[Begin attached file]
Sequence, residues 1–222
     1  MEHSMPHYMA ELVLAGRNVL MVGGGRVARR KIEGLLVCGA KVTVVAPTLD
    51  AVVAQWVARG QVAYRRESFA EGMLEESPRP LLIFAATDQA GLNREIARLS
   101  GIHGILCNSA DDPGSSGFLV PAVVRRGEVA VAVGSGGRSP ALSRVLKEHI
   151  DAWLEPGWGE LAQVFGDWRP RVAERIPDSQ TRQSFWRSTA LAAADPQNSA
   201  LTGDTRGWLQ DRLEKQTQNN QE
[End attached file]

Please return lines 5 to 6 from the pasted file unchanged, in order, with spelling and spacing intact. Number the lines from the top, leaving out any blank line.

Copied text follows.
   151  DAWLEPGWGE LAQVFGDWRP RVAERIPDSQ TRQSFWRSTA LAAADPQNSA
   201  LTGDTRGWLQ DRLEKQTQNN QE